The Economic Structure of International Trade-in-Services Agreements
The existing economics literature on international trade agreements focuses on tariff agreements covering trade in goods, and offers an explanation for core features of the GATT. Tariffs play almost no role in services markets, however, and the existing models cannot account for the dramatically different approach to trade liberalization in agreements such as the WTO General Agreement on Trade in Services (GATS). We develop a model through which key features of GATS, including its emphasis on "deep integration" – sector-by-sector negotiations on behind the border policy instruments – can be understood. And we use this model to suggest that there may also be a middle ground for services trade liberalization between the GATS deep-integration approach and the traditional border-policy focused "shallow integration" approach of GATT.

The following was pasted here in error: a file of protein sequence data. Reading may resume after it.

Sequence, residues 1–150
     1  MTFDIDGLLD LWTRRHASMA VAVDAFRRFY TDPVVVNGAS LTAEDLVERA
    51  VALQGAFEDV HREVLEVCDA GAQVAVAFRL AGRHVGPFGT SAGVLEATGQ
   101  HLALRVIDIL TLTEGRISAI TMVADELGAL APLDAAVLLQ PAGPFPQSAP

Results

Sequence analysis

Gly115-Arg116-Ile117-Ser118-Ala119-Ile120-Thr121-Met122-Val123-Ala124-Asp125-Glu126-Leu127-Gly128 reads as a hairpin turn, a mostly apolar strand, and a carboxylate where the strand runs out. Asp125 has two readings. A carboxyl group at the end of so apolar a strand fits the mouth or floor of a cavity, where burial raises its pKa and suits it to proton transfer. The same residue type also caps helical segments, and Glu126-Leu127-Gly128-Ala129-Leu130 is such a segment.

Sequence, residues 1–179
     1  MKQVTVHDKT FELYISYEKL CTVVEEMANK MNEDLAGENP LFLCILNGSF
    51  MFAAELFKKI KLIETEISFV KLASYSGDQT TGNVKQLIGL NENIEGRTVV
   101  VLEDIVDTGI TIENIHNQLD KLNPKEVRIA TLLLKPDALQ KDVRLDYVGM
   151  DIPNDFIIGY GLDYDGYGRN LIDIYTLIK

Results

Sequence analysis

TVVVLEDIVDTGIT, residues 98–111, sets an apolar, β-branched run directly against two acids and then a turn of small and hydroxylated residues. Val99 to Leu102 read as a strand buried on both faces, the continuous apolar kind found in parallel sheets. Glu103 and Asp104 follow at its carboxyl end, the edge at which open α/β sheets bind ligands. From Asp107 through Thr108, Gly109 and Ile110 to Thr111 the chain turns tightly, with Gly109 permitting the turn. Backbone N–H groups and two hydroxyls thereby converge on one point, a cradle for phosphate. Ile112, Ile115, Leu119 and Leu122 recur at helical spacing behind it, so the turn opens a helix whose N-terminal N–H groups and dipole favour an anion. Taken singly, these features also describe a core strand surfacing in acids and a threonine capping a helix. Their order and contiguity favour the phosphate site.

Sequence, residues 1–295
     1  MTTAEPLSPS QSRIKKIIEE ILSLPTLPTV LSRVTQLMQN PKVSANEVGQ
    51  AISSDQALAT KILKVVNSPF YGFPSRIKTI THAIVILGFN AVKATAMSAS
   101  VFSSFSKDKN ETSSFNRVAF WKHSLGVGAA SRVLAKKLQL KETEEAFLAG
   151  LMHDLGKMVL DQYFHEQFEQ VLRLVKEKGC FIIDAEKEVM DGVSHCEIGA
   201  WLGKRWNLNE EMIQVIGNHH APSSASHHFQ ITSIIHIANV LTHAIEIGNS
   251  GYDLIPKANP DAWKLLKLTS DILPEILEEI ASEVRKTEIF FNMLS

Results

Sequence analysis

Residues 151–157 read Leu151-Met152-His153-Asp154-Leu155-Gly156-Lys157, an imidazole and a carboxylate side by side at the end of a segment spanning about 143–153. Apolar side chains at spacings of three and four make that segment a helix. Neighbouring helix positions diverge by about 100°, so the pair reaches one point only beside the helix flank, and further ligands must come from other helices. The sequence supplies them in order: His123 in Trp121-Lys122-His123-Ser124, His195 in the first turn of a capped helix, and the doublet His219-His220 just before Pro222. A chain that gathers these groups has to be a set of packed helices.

Staiger gratefully acknowledges financial support from the National Science Foundation (NSF Grant SES-1326940). We thank Kyle Bagwell, Petros C. Mavroidis, Alan Spearot and seminar participants at Stanford for useful comments. The views expressed herein are those of the authors and do not necessarily reflect the views of the National Bureau of Economic Research.
Robert W. Staiger
In the Fall of 2011, I served as a consultant for the WTO and wrote a background paper ( http://www.ssc.wisc.edu/~rstaiger/NTMs_WTO_123111 ) for the WTO's World Trade Report 2012.